For more than a decade, Venus and Serena Williams have been the only recognizable American-born tennis champions. Save for Lindsay Davenport, there has not been another American that has come close to beating the sisters at their own game.
Venus and Serena have played in 23 professional matches since 1998. Serena won 13 of the 23. They have played against each other in eight Grand Slam singles finals. Serena's won six. Beginning with the 2002 French Open, they opposed each other in four consecutive Grand Slam singles finals, the first time ever in the open era that the same two players played against each other in four consecutive Grand Slam singles finals, let alone sisters. On the doubles side, the pair have won 13 Grand Slam doubles titles playing alongside each other.
But now, a new face with potential is the up-and-coming Sloane Stephens, the 19-year-old American tennis phenom who announced her presence with authority this week by ousting an injured Serena Williams in the 2013 Australian Open.
She lost under questionable circumstances Thursday in the semifinals. Stephens, going for her first-ever final, when a 10-minute injury timeout was called by her opponent, reigning Australian Open champion and #1-ranked Victoria Azarenka . According to Yahoo.com's "Busted Racket," Stephens was holding her own, but battling, when Azarenka left the court up 5-4 with Stephens set to serve, after missing five match points. Azarenka called for an injury timeout.
For approximately 10 minutes, Stephens sat in her chair, eyes, according to Yahoo, " fixed on a point straight in front of her, wondering why for the second match in a row her opponent was inside while she was just waiting."
Under Australian Open rules, as Reuters pointed out, a player requesting treatment is evaluated and if they have developed "a treatable medical condition" they can then receive a three-minute medical timeout. Australian Open officials recorded two timeouts for Azarenka. By my count, an extra four minutes were added for Azarenka.
Officially, Yahoo News said Azarenka went with the trainers inside because of a chest and back injury, but when questioned by reporters after the match, she blamed her extended disappearance on a panic attack. “I couldn’t breathe, you know,’’ Azarenka told Yahoo.com. “That game, you know, I just had chest pain, like getting a heart attack or something out there. I just needed to make sure it’s okay cause I really couldn’t breathe.’’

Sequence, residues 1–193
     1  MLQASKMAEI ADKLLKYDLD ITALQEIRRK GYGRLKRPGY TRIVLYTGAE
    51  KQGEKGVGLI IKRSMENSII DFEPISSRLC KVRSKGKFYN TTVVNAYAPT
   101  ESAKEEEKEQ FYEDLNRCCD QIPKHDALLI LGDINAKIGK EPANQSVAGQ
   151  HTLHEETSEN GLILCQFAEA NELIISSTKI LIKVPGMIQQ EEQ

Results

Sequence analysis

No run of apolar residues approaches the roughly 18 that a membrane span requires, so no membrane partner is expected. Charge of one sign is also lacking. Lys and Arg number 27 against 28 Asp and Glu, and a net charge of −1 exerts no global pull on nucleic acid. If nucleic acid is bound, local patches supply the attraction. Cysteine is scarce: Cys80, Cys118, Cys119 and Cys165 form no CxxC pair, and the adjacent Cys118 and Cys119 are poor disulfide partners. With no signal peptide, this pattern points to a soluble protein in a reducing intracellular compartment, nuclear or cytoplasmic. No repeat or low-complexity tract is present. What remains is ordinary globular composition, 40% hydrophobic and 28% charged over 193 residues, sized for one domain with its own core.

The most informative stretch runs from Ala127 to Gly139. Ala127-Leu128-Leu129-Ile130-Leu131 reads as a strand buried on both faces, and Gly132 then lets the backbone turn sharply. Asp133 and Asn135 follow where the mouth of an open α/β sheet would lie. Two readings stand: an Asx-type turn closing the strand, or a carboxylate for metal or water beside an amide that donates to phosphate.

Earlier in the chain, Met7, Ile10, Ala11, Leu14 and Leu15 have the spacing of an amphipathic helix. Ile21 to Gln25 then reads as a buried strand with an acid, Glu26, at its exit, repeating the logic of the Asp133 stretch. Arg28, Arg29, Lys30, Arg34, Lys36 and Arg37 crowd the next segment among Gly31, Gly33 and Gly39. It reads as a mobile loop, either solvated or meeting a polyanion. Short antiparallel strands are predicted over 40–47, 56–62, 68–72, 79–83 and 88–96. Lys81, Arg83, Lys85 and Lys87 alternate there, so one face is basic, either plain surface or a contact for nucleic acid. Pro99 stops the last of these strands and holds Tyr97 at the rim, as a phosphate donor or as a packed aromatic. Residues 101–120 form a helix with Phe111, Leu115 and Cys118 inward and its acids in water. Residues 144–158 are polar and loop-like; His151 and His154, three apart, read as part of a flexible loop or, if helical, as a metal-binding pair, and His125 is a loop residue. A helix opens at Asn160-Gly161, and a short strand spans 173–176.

I've seen basketball players flop at both the college and professional ranks to get to the free throw line. I've seen medical timeouts aplenty, for many reasons, at all levels of sport. But it is suspect that the #1-ranked tennis player would suffer a panic attack on the court against someone she was beating, despite missing five match shots. It's my opinion that players will do what they can for an edge, Azarenka included. This was the equivalent of a "mulligan" in golf.
Azarenka tried to explain away her on-court comments as a misunderstanding, saying she thought she had been asked why she couldn't close out the match, rather than what had happened with her timeout.
"I understand the whole situation right now but it just really simple misunderstanding of a question," Azarenka told ESPN. "I guess it was my bad."
Whether the 'panic attack' was real or faked, the 10-minute break paid off big time. Azarenka advanced to the Final to take on China's Li Na.
It was a shame for Stephens, a rising star among tennis elites and one of the few Americans able to beat Europeans consistently. As a result of her victory over Williams, Stephens leapfrogged her ranking to #17 in the world, up 12 spots in just two weeks time. It continues a steady upward climb Stephens began in 2012 by advancing to the fourth round of the 2012 French Open by defeating Ekaterina Makarova, Bethanie Mattek-Sands, and Mathilde Johansson. In the fourth round, she lost to sixth seed Samantha Stosur in two sets.
She advanced to the third round of Wimbledon by defeating Karolina Pliskova in the first round and upsetting 23rd seed Petra Cetkovská in three sets in the second round. In the third round, she lost to German Sabine Lisicki.
My disappointment lies in the fact that Stephens was a breath of American fresh air in a world long dominated by Venus and Serena Williams. Stephens' victory over Williams signaled that perhaps a new and pretty teen tennis face would merge forth and compete with the likes of the Belarussian Azarenka, Russian Maria Sharapova, and other Europeans who have dominated the world tennis scene.